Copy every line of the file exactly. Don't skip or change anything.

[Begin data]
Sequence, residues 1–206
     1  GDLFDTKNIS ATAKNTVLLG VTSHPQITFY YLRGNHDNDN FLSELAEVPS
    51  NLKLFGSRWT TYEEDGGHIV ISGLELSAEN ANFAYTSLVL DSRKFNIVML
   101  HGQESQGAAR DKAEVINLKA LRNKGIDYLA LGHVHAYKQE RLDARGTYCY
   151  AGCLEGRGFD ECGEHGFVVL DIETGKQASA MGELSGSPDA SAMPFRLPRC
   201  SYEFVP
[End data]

Sequence, residues 1–206
     1  GDLFDTKNIS ATAKNTVLLG VTSHPQITFY YLRGNHDNDN FLSELAEVPS
    51  NLKLFGSRWT TYEEDGGHIV ISGLELSAEN ANFAYTSLVL DSRKFNIVML
   101  HGQESQGAAR DKAEVINLKA LRNKGIDYLA LGHVHAYKQE RLDARGTYCY
   151  AGCLEGRGFD ECGEHGFVVL DIETGKQASA MGELSGSPDA SAMPFRLPRC
   201  SYEFVP